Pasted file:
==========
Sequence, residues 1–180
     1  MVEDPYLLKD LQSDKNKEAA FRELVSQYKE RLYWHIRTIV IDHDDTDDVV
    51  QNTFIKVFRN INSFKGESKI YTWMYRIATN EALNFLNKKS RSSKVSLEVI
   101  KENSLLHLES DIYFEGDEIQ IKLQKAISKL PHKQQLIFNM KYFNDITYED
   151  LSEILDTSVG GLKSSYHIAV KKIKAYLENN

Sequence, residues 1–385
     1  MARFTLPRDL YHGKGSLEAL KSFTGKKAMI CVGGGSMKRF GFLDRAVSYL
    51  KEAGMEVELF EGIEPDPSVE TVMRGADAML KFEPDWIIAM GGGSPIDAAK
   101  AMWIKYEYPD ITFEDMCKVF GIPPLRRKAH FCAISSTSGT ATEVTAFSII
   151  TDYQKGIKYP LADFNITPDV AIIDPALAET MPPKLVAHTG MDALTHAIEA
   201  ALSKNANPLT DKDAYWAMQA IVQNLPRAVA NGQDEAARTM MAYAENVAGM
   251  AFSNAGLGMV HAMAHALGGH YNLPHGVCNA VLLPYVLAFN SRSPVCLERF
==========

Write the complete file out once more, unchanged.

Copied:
Sequence, residues 1–180
     1  MVEDPYLLKD LQSDKNKEAA FRELVSQYKE RLYWHIRTIV IDHDDTDDVV
    51  QNTFIKVFRN INSFKGESKI YTWMYRIATN EALNFLNKKS RSSKVSLEVI
   101  KENSLLHLES DIYFEGDEIQ IKLQKAISKL PHKQQLIFNM KYFNDITYED
   151  LSEILDTSVG GLKSSYHIAV KKIKAYLENN

Sequence, residues 1–385
     1  MARFTLPRDL YHGKGSLEAL KSFTGKKAMI CVGGGSMKRF GFLDRAVSYL
    51  KEAGMEVELF EGIEPDPSVE TVMRGADAML KFEPDWIIAM GGGSPIDAAK
   101  AMWIKYEYPD ITFEDMCKVF GIPPLRRKAH FCAISSTSGT ATEVTAFSII
   151  TDYQKGIKYP LADFNITPDV AIIDPALAET MPPKLVAHTG MDALTHAIEA
   201  ALSKNANPLT DKDAYWAMQA IVQNLPRAVA NGQDEAARTM MAYAENVAGM
   251  AFSNAGLGMV HAMAHALGGH YNLPHGVCNA VLLPYVLAFN SRSPVCLERF